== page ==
Cynicism in Honoré-Victorin Daumier’s caricatures of Nineteenth Century Paris
1 December 2008
Oida: “to have seen” and “to know.”
Honoré-Victorin Daumier did much to parody the regimes of his state in nineteenth century Paris, France. Daumier reacted to the then contemporary events in a striking, yet, predictable way in his caricatures by representing power as grotesque. Sentimentality counters the sharp wit of Daumier’s prints and busts of politicians (fig. 1) and other prominent Parisians. The notion that power necessarily corrupts dominates Daumier’s caricatures. That his prints widely disseminated in Paris suggests this was a popular sentiment and reflects an ideology that led to a debilitating cynicism on the Left following the 1830 and 1848 revolutions.
Paris, Musée d'Orsay
Daumier’s caricatures of those in power under the reign of King Charles X, the “citizen-king” Louis Phillipe and the first President of the Second Republic and second Emperor of the Second French Empire Napoléon III disseminated mostly throughout Paris via lithographic pints in La Caricature, a periodical edited by the Republican Charles Philipon. The July Revolution of 1830 that forced the last of the Bourbon Kings, Charles X, to abdicate the throne and then the 1848 Revolutions that forced King Louis-Phillipe’s July Monarchy to an end would be succeeded by governments which would disappoint a Republican such as Daumier. Each revolution led to a bourgeois dictatorship.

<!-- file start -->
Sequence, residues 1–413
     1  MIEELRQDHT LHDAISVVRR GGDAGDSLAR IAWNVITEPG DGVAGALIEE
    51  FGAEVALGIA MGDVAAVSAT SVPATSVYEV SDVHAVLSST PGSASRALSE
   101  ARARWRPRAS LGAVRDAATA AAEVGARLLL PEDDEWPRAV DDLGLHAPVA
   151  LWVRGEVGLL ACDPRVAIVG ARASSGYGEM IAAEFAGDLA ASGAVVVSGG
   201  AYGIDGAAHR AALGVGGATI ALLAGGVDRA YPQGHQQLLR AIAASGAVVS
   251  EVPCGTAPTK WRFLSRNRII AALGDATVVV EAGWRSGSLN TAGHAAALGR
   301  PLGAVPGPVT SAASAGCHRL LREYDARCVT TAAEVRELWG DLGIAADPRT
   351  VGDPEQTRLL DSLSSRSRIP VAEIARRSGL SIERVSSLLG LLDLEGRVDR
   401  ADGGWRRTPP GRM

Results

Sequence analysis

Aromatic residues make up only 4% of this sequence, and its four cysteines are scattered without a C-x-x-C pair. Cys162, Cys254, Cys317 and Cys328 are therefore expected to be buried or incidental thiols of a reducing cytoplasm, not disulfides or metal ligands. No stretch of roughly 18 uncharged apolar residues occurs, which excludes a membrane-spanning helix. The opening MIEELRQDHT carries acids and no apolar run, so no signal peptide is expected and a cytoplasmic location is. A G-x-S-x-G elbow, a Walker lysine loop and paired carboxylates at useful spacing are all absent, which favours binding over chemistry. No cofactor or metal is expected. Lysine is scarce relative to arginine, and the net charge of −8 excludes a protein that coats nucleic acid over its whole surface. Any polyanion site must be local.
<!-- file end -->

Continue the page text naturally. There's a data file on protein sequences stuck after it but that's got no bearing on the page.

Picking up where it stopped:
Daumier’s use of caricature with the advent of the invention of lithography became an opportunistic way to represent the bourgeoisie and royalists. On the one hand, Daumier’s subjects justly deserve critique and, on the other hand, his critiques justly deserve critique.
Daumier subscribes to the myth of the ignorant tyrant in his caricatures of contemporary events and portraits of those who participated. The word caricature comes from a French translation of the Italian word caricatura from the Latin word caricare, which means “to load” or “to exaggerate.” In part, such exaggerations by Daumier most likely were influenced by his publisher, Charles Philipon, and appear grotesquely Rabelaisian. Writes Howard P. Vincent in Daumier and His World:
[the] Rabelaisian style of wit was more congenial and habitual to Philipon than to Daumier, all of whose independent satire—that is, work not in association with Philipon—had compassion and, in general, was unliterary and unallusive to fiction. (It is also significant that Daumier never used Rabelais again. His satiric forebearer and favorite was Molière.) (Vincent, Howard P., Daumier and His World, pp. 27).